Charlotte (Diane Keaton of "Anne Hall") and Sam Cooper (John Goodman of "The Big Lebowski") have been married for 40 years. They have a grown-up son, Hank (Ed Helms of "The Hangover"), with a family of his own, while their adult daughter, Eleanor (ravishing Olivia Wilde of "Cowboys and Aliens"), has found neither love nor success as a playwright. Eleanor has just flown back home, and she is loitering at the local airport terminal because she doesn't want to face her folks. Eleanor and her mom rub each other the wrong way, and the former doesn't approve of the patronizing way the latter treats her. Eleanor is beginning to feel the burden of being single. Since her fiancée cheated on her, she has been leery of the opposite sex, but she still craves affection. At the airport, she comes across a soldier on leave, Charlie (Jake Lacy of "Obvious Child"), whose flight has been grounded because of inclement weather. Eleanor and Jake have a series of encounters and eventually get chummy. Rather than face her mom as a single daughter, Eleanor invites Jake to accompany her to her parents' holiday dinner and masquerade as her fiancé. Charlotte's widowed father, Bucky (Alan Arkin of "Argo"), has retired and frequents a local diner where he has developed a platonic friendship with a young waitress, Ruby (Amanda Seyfried of "Momma Mia"), who may have tried to slash her wrist at some time in the past. Bucky has been cultivating Ruby's appreciation of movies with Hollywood classics like Charlie Chaplin's "City Lights" and the Judy Holliday comedy "Born Yesterday." Meantime, an even more obnoxious character lingers on the sidelines in the person of Charlotte's jealous younger sister Emma (Oscar winner Marisa Tomei of "My Cousin Vinny") who has always clashed with her sister. Emma remains single and self-absorbed. She carries drama around with her like luggage.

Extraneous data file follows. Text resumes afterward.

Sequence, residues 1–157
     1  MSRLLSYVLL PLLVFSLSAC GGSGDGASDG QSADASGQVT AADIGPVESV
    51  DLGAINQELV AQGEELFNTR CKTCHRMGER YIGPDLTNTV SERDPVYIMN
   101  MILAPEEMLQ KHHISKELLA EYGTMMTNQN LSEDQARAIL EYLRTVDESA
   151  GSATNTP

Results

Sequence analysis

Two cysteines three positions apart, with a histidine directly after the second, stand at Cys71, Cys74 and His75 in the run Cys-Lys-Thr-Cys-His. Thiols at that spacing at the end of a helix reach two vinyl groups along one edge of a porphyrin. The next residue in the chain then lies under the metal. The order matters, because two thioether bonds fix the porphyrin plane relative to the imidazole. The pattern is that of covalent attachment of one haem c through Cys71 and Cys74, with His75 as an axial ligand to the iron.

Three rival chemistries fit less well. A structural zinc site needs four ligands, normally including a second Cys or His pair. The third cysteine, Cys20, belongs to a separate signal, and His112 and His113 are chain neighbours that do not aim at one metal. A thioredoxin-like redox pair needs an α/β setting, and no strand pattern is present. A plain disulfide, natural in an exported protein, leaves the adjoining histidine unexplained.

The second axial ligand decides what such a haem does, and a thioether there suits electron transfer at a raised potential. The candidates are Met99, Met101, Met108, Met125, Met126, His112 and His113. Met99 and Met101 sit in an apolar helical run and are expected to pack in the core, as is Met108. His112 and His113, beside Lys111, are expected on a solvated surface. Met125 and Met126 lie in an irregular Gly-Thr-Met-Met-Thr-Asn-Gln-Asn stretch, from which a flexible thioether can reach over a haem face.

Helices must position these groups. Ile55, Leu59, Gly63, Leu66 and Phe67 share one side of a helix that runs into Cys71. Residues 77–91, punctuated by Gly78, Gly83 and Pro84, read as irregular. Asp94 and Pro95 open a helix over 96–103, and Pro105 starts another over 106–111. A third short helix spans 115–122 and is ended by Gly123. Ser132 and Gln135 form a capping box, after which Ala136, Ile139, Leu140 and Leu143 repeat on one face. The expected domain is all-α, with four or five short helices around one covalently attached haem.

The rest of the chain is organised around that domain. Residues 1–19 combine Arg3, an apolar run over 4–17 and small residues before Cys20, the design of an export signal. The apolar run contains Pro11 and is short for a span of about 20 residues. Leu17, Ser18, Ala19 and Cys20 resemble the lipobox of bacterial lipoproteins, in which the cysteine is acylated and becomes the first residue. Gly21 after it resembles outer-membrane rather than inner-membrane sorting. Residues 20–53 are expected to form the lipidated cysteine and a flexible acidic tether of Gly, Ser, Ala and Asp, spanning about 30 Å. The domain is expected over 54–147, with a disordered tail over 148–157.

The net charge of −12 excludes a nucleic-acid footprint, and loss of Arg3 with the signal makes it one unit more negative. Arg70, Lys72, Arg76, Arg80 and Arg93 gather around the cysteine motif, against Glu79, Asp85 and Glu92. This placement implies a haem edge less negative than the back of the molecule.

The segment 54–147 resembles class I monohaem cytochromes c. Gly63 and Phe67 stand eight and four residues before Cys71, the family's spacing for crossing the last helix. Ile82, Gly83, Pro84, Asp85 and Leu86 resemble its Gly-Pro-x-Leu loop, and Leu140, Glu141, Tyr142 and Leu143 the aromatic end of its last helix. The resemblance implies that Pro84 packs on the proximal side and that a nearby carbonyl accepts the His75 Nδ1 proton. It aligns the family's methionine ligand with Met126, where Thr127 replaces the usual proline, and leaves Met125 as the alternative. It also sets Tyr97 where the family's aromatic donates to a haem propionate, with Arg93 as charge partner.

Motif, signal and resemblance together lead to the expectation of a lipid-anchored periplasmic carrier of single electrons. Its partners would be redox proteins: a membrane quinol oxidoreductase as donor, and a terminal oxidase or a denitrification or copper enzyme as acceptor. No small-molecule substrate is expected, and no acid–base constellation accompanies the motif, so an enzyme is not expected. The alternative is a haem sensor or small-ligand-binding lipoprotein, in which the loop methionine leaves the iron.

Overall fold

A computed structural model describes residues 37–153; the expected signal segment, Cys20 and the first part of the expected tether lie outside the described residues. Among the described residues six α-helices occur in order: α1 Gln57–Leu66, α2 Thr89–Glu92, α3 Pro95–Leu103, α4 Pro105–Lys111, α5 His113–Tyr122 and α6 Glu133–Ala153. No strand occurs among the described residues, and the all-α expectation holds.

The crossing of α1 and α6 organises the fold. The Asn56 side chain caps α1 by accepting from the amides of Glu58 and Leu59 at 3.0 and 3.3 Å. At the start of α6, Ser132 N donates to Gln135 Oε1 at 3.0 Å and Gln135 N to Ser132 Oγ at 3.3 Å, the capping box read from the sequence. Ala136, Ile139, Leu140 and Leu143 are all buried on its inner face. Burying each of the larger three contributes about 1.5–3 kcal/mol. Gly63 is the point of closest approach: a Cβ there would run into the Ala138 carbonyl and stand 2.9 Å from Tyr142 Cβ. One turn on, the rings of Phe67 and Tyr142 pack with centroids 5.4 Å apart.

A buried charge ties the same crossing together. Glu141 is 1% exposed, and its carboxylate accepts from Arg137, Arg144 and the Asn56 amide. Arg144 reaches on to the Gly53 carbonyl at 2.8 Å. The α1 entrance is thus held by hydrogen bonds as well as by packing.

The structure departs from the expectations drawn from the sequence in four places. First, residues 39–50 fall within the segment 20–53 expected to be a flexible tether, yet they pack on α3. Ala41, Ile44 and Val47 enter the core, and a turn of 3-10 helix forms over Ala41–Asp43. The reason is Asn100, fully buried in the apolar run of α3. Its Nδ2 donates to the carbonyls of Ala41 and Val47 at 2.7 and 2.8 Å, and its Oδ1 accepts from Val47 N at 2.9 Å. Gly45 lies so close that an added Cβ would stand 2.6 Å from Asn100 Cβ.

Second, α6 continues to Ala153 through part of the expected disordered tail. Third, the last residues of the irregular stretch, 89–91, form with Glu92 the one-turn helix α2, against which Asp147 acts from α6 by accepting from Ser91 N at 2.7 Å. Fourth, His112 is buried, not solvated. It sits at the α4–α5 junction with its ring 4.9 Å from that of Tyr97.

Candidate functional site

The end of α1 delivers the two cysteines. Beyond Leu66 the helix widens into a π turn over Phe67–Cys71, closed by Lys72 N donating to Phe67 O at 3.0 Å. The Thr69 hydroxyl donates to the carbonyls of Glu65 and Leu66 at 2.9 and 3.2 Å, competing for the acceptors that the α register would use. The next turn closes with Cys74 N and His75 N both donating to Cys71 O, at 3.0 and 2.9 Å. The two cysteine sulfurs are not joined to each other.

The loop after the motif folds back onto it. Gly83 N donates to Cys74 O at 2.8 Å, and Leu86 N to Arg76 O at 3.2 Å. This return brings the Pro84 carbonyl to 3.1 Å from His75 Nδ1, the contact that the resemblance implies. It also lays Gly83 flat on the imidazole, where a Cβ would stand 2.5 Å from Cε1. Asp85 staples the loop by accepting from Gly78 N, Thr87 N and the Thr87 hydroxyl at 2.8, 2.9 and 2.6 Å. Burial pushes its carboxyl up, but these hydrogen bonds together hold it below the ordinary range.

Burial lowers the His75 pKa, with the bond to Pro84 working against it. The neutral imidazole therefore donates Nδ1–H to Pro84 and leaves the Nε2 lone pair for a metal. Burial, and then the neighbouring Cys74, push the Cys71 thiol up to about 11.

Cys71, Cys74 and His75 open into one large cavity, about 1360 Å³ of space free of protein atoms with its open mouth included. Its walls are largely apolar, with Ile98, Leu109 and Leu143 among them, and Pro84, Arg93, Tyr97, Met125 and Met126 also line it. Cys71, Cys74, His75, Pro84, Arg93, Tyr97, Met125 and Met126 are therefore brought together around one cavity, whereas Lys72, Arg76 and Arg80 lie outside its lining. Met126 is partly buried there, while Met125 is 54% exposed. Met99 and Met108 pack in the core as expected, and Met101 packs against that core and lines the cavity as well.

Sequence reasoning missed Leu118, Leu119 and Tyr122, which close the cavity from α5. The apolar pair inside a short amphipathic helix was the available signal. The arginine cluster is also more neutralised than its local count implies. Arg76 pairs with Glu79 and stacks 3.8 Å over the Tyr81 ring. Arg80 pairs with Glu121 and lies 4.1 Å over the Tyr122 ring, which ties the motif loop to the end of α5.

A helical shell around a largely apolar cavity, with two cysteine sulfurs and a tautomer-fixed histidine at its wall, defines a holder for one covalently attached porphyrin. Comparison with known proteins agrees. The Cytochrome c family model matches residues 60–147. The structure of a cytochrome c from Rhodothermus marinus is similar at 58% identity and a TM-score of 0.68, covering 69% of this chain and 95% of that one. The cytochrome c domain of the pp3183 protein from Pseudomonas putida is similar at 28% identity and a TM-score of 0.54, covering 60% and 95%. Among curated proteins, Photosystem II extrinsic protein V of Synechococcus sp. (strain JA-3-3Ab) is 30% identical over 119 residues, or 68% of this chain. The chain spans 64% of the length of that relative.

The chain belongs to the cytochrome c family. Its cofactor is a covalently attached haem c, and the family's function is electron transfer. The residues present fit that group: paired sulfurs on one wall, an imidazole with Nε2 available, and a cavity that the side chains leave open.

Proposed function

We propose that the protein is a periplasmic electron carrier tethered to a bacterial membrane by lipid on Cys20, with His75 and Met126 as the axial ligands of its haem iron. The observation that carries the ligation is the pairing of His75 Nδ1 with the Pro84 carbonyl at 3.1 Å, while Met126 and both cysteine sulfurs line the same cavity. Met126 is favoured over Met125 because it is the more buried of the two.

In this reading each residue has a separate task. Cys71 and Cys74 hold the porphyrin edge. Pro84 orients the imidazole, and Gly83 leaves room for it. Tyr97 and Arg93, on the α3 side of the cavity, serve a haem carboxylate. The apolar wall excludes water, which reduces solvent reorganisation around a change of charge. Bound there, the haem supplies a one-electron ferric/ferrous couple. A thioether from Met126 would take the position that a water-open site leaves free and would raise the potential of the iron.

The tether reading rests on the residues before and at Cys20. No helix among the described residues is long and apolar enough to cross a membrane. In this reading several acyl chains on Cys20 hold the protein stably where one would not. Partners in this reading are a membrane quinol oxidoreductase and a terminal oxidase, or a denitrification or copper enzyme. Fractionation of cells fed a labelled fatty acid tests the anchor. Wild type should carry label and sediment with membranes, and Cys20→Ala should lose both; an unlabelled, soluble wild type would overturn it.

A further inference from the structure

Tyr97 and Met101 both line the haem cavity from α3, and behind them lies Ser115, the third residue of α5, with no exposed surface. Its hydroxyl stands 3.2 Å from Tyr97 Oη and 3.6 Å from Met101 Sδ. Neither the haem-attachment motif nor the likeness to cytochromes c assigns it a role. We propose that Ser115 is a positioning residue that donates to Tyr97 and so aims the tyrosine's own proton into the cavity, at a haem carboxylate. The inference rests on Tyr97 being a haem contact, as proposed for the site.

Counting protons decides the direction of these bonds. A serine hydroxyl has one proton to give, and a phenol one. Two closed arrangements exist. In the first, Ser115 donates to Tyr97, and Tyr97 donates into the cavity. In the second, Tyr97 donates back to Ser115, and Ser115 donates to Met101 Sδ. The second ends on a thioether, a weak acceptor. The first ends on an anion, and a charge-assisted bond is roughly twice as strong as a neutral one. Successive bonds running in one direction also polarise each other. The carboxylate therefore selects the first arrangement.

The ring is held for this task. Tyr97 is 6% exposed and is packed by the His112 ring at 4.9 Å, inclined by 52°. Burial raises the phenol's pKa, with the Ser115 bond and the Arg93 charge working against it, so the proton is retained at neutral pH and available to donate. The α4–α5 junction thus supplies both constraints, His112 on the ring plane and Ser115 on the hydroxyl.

Conventional as this set-up appears with the meal as the finale, more is going on than initially than meets the eye. Charlotte and Sam plan to use the Christmas dinner to announce their imminent divorce. Director Jessie Nelson and scenarist Steven Rogers hint, but never outright explain what prompted Charlotte and Sam's martial meltdown. Mind you, we catch a glimpse of their adorable second daughter who didn't survive infancy. Presumably, her demise has taken a toll on Charlotte's life and ruined her happiness. Sam wants to embark on a trip to Africa with her that they had planned decades ago. Sadly, Charlotte has forsaken her adventurous spirit. Meantime, Hank and his estranged wife Angie (Alex Borstein of "Ted") squabble about their three children, a lusty teenage son named Charlie (Timothée Chalamet of "Interstellar"), his younger brother Bo (Maxwell Simkins of "And So It Goes"), and their 5-year old sister, Madison (newcomer Blake Baumgartner) who spouts the crude phrase "You're such a dick." Of course, Madison provides the comic relief because everybody is appalled by her tactless diction. Furthermore, Hank has been replaced as a Sears' portrait photographer by automation. Worse, he hasn't informed anybody that he is no longer employed! Aside from Eleanor's antics, Emma faces the worst predicament of her life. She swallows a brooch at a jewelry store, and the store detective nabs her. Pittsburgh policeman, Officer Williams (Anthony Mackie of "Marvels' Avengers"), claps Emma in cuffs and transports her to jail. During the drive, Emma bonds with Officer Williams, and he reveals that not only is he gay, but he also is terribly lonely. Eventually, the Cooper dinner turns into a family feud. Everybody is at each other's throats when suddenly Bucky collapses from a stroke. The family rushes their paterfamilias to the emergency room. Fortunately, Bucky doesn't kick the bucket, and the family manages to resolve their differences.

Virtually every character in "Love the Coopers" is objectionable. Moreover, the filmmakers have given us too many characters to keep track of and furnished too few details about some. The biggest surprise is that "Love the Coopers" is narrated from the perspective of Charlotte and Sam's Saint Bernard named Rags. Although it is a clever conceit, no dog could know as much as this omniscient narrator knows. Holiday movies are a dime-a-dozen, but "Love the Coopers" isn't worth a dime.